Microwave ovens have been around for years. More and more food items are made specifically for these appliances. Popcorn, frozen dinners and steam bag vegetables are only a few examples. With microwaves constantly in the middle of a "safe or unsafe" controversy, how do you know if you should buy one or not? In this list we cover ten myths both for and against these handy machines.
All Metal Makes Sparks
Ever put metal in the microwave and watched the firework display? Though staples, CDs, light bulbs, tinfoil and twist-ties give off fantastic sparks, not all metal does. Thicker metal shows no sign of sparking (except for the occasional fork tine) and stays relatively cool. This is because metal repels the microwaves being emitted. Heating something in a metal bowl is pointless because the bowl acts as a shield. However, it still isn t a good idea, even if there aren t any fireworks to watch.
One of the most common reasons people avoid microwave ovens is because of lost nutrients. When using any method to cook food, nutrients are lost. The longer the food is cooked, the more the nutrients are lost. The microwave only does what every other heat source does: It cooks the food, which, by nature, is a chemical process.
Microwave ovens are not radioactive. It is just like using the sun or a fire to cook your food. The microwaves emitted excite water molecules which cause friction and then heat. No fluorescent colored test tubes and biohazard suits required. While it s still a bad idea to run a microwave with the door open, you don t have to worry about ingesting green glowing food.
The defrost button on the microwave oven is naturally used for a variety of foods, especially meat. However easy this button seems to be, it s not the fastest way to thaw frozen foods. Microwaves rely on water to create heat; ice does not react the same way water does. During a defrost cycle, the waves turn on and off periodically to try and heat the more liquid sections, which then transfer heat to the still frozen bits. The fastest way to thaw anything is to place it in a bowl of warm water on the countertop. This gently, and fairly quickly, thaws anything you need.
Oil does not have the same polarization water does and is not affected by microwaves the same way. You may wonder why it s easy to heat butter in the microwave oven. Though butter is made primarily from oil, there is enough water present to transfer heat to the oil. If you want to heat a cup of oil use a sauce pan on your stove; it works a lot better.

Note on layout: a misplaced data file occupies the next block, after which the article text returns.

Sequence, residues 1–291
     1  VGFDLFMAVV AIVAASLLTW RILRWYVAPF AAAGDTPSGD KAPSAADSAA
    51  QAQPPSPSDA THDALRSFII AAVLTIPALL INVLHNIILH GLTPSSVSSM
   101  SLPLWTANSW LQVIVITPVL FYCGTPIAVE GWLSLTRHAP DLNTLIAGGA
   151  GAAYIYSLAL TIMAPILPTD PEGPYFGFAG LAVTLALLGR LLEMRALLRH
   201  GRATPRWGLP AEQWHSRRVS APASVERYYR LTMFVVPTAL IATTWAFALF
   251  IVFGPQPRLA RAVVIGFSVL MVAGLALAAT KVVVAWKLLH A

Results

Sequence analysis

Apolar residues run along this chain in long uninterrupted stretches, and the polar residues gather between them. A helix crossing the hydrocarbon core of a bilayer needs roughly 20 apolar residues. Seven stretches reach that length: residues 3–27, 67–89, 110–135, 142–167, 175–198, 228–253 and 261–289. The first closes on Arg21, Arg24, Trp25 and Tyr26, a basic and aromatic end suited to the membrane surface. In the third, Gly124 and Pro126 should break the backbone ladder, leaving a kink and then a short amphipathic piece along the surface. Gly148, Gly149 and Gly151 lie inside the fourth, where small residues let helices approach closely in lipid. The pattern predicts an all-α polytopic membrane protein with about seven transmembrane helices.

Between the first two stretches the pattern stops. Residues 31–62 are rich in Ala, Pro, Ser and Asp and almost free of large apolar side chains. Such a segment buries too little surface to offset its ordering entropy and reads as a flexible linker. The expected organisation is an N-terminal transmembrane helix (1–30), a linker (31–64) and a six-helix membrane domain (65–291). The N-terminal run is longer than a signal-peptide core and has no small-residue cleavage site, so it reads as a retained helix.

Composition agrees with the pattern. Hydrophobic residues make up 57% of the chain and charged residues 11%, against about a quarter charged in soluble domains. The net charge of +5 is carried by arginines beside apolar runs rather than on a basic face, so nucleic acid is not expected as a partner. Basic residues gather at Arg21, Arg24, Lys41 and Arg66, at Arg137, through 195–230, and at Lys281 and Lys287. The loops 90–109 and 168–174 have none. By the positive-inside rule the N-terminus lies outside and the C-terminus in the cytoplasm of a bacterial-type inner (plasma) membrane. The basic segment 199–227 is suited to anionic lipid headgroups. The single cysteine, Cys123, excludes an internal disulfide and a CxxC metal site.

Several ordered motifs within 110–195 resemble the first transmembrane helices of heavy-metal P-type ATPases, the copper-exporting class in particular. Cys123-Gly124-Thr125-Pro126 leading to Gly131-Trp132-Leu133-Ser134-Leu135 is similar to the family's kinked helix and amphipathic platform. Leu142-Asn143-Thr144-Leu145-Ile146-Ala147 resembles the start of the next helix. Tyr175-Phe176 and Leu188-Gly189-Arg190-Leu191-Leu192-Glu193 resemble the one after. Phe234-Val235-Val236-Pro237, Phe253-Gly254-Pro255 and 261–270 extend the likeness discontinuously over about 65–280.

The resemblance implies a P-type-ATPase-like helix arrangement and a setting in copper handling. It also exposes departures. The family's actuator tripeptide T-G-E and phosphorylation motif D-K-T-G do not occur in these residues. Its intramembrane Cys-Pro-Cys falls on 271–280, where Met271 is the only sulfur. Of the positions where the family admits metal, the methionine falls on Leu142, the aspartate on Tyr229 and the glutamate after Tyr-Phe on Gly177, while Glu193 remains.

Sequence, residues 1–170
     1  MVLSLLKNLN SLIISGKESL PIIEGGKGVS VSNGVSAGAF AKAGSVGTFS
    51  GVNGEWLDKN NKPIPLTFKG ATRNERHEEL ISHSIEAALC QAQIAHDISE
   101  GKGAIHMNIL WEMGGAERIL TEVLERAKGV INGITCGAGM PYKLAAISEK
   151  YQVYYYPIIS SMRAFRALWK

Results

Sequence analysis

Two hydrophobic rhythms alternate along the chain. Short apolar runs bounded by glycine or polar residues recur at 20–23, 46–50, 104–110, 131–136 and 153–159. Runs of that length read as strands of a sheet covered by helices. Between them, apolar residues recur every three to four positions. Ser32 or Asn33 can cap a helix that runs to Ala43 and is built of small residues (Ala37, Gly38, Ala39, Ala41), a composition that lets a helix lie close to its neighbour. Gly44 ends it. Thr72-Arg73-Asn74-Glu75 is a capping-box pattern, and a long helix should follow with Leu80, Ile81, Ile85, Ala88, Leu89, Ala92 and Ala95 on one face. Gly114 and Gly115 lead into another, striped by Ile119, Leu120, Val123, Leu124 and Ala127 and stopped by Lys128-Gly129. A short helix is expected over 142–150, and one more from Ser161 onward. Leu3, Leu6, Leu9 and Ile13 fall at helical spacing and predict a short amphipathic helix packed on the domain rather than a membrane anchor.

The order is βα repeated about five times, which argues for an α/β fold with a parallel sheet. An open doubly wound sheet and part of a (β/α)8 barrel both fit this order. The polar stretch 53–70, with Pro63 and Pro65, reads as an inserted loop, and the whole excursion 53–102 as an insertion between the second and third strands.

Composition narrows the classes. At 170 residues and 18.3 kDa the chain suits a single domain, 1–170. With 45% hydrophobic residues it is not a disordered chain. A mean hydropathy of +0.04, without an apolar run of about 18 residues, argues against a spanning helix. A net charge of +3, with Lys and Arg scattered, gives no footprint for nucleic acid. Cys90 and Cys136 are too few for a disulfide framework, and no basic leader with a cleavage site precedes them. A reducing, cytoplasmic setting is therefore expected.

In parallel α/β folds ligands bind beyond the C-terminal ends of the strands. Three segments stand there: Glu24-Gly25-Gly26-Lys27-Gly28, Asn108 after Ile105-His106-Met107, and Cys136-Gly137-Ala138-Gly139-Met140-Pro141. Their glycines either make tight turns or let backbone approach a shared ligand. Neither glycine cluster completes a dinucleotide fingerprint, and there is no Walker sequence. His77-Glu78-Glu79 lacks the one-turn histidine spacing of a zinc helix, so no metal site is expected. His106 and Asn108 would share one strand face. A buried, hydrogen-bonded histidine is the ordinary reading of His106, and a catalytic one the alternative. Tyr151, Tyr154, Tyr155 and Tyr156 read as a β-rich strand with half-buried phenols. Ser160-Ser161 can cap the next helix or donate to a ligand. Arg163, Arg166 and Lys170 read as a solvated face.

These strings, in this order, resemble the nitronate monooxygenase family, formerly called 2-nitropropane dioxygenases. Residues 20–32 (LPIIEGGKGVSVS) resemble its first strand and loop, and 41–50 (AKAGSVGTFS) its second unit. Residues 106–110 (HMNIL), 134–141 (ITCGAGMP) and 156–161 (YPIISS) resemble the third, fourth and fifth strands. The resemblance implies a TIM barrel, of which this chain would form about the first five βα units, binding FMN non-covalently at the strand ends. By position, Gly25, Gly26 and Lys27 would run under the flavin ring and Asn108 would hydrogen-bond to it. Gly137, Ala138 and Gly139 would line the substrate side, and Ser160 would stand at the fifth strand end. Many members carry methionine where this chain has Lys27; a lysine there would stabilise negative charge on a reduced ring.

From the Inside Out
Ever looked at a cube of butter melted in the microwave? It appears to have melted from the inside out. In all actuality, food is cooked from the outside in. The heat from the edges is transferred to the center. If you want to see the limit of the microwave ovens ability, cook a large piece of meat. The microwaves only penetrate about an inch deep and the rest relies on heat transfer.
Uses More Energy
Cooking twenty bags of microwave popcorn uses less energy than baking brownies for half an hour. Despite their relatively high energy consumption, microwave ovens are in fact energy savvy. This is because they actually take less time to cook than other means. Now you re not only saving time but energy.
A common term for microwave cooking by is nuke. Though this sounds like microwaves destroy any and all type of bacteria, this is false. Since this type of appliance doesn t cook as evenly as other ovens, there is a chance the bacteria may not be destroyed because it can hide in cold spots. This is why it s recommended to periodically stir the food during the cooking process. The food will be cooked more evenly and it reduces the chance of harmful bacteria surviving.
Ever been told not to look through the microwave window for fear you ll burn your eyes out? How about that standing too close for extended periods of time will cause cancer? Both of these are false. The microwaves emitted are more like radio waves than any cancer-causing radioactive wave. It is important to note that microwave ovens can develop leaks, but this can be easily tested, and the oven can be replaced.
An Accidental Discovery
The most common story of the invention of the microwave oven revolves around self-taught engineer Percy Spencer and a melted chocolate bar. While this story is based on fact, it does not give the whole picture. It s true in the 1940s Percy Spencer was one of the determining factors behind the invention, but his discovery was not quite an accident. The company Raytheon worked with radar tubes for years, and during the winter months engineers would use the tubes to heat their hands. Even with the idea of using the microwaves to cook food, it took years of research and testing to actually make a product available to the average consumer. For specific information on the modern appliances, take a look at our reviews on compact microwave ovens.